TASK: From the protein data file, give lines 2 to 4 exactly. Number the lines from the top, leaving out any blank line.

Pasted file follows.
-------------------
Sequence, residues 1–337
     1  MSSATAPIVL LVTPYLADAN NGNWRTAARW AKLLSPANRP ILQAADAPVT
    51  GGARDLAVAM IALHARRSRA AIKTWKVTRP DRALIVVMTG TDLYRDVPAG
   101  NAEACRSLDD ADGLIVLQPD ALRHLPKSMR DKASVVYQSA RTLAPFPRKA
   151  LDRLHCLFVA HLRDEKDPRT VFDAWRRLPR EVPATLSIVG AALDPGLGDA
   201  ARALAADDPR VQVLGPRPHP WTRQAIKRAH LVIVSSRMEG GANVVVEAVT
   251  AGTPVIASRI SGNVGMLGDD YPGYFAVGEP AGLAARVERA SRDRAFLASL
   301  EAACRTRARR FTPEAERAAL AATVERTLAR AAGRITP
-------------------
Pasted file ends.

     1  MSSATAPIVL LVTPYLADAN NGNWRTAARW AKLLSPANRP ILQAADAPVT
    51  GGARDLAVAM IALHARRSRA AIKTWKVTRP DRALIVVMTG TDLYRDVPAG
   101  NAEACRSLDD ADGLIVLQPD ALRHLPKSMR DKASVVYQSA RTLAPFPRKA